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UN Programme on Disability   Working for full participation and equality

 INTERNATIONAL NORMS
AND STANDARDS RELATING TO DISABILITY

Part II. International Human Rights System. 7/11previousTable of Contentsnext

6. The Convention Against Torture and Other Cruel, Inhuman and Degrading Treatment or Punishment

Index

INTRODUCTION
PART I. National Frameworks for the Protection of Rights of Persons with Disabilities
PART II. The International Human Rights System
1. Introduction to the International Human Rights System
1.1 Exhaustion of Local Remedies
1.2 Disability Rights at the International Level
2. The International Covenant on Civil and Political Rights (ICCPR)
2.1 Review of provisions
2.2 Reporting Procedure Under the ICCPR
2.3 Emergency procedure Under the ICCPR
2.4 Individual Communication Procedure
3. The International Covenant on Economic, Social and Cultural Rights (ICESCR)
3.1 Review of provisions
3.2 1503 Procedure Under the ICESCR
4. The Convention on the Rights of the Child
4.1 Review of provisions
4.2 Reporting Procedure
4.3 Thematic Consideration of Issues
4.4 Missions
5. The Convention on the Elimination of Discrimination Against Women
5.1 Review of Provisions
5.2 Reporting Procedure
5.3 Exceptional Reporting Procedure
5.4 Complaint Procedure
6. The Convention Against Torture, and other Cruel, Inhuman and Degrading Treatment and Punishment
6.1 Review of provisions
6.2 Reporting Procedure
6.3 Investigative procedure
6.4 Individual Complaints Procedure
7. The International Labour organization (ILO)
7.1 The Complaint Procedure
7.2 ILO Provision on the Rights of the Migrant Worker
8. Other International Norms and standards
9. Other International Mechanisms
10. Human Rights and Humanitarian Law
10.1 Persons with Disabilities and Armed Conflicts
10.2 Human Rights in Times of Emergency
10.3 Civilian Persons Hors de Combat
10.4 Special Protection for the Wounded and Sick
10.5 Victims of Land Mines and Armed Conflicts
PART III. The Regional Human Rights System
PART IV. Towards a Rights Based Perspective on Disability
PART V. Rights of Special Groups with Disabilities

6.1 Review of Provisions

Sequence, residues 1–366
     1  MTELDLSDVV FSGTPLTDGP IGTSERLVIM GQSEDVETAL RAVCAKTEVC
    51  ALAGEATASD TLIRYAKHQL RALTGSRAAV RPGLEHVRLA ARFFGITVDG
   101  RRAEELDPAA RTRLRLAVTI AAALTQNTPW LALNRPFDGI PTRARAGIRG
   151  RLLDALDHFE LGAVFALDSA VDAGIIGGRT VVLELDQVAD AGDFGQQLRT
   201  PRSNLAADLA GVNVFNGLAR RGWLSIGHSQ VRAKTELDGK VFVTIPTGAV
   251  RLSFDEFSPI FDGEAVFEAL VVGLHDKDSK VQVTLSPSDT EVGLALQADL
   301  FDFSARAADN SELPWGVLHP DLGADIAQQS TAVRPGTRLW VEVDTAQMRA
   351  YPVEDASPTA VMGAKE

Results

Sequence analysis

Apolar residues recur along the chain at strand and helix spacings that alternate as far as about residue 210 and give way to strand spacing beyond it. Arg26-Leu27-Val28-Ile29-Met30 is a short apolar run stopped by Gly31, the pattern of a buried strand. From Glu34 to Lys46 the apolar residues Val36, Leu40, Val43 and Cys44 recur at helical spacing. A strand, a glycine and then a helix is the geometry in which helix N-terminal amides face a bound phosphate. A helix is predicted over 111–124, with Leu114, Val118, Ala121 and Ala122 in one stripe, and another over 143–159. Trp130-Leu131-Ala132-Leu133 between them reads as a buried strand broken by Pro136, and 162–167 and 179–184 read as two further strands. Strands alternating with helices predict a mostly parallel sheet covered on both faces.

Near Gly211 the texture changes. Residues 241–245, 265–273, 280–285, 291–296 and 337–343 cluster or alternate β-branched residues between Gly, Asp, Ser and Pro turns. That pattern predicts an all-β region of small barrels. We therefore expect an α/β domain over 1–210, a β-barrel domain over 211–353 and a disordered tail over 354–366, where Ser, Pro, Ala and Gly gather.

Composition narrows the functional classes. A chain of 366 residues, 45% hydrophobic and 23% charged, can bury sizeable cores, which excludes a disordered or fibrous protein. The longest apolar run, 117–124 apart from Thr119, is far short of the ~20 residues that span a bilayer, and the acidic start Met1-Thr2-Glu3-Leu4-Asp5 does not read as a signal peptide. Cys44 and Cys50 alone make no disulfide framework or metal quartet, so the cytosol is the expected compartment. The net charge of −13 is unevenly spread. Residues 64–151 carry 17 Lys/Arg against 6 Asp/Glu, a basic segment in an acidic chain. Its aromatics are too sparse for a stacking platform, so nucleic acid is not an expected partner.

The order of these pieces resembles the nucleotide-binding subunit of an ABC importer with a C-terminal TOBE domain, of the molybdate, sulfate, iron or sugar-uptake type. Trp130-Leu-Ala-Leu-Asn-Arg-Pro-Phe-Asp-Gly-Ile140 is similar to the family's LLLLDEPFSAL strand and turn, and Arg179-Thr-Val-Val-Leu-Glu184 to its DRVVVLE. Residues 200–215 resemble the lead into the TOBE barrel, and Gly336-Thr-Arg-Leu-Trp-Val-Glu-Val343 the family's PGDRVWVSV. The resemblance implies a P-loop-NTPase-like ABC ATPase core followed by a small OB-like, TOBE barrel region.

CAT contains universally applicable standards, which are relevant to persons with disabilities, as torture can lead to disabilities, and discrimination against persons with disabilities can lead to cruel or other similar treatment. Pursuant to article 2 (1), States Parties undertake to adopt effective legislative, administrative, judicial or other measures to prevent acts of torture in any territory under its jurisdiction. Article 2 (2) provides that no exceptional circumstances whatsoever may be invoked as a justification for torture. Therefore, under no circumstances may any order from a superior officer, or circumstances in a state or threat of war, or internal political instability be a justification for torture.

Article 14 of the Convention concerns the provision of compensation for victims of torture. States Parties must ensure legal remedies to victims of torture whereby victims may obtain redress and compensation, including the means for as full rehabilitation as possible. Therefore, persons disabled as a result of torture must be provided with legally enforceable rights to compensation to assist in their rehabilitation.

6.2 Reporting Procedure

Article 17 of the Convention establishes a Committee. As is required of the other treaty based Committees, the States Parties have to submit reports to the Committee. Initial reports should be submitted in two parts. The first part should do the following:

  1. Describe the general legal framework to prohibit torture and other inhuman treatment;
  2. Indicate national or international binding obligations on the State to provide greater protection than that afforded by the Convention;
  3. Indicate national redress procedures for victims of violations of the Convention and provide information on cases dealing with by those authorities.

The second part of the report should provide information on the implementation of articles 1 to 16 of the Convention, indicating the following:

  1. The legislative, judicial and administrative measures in force which give effect to the relevant provisions;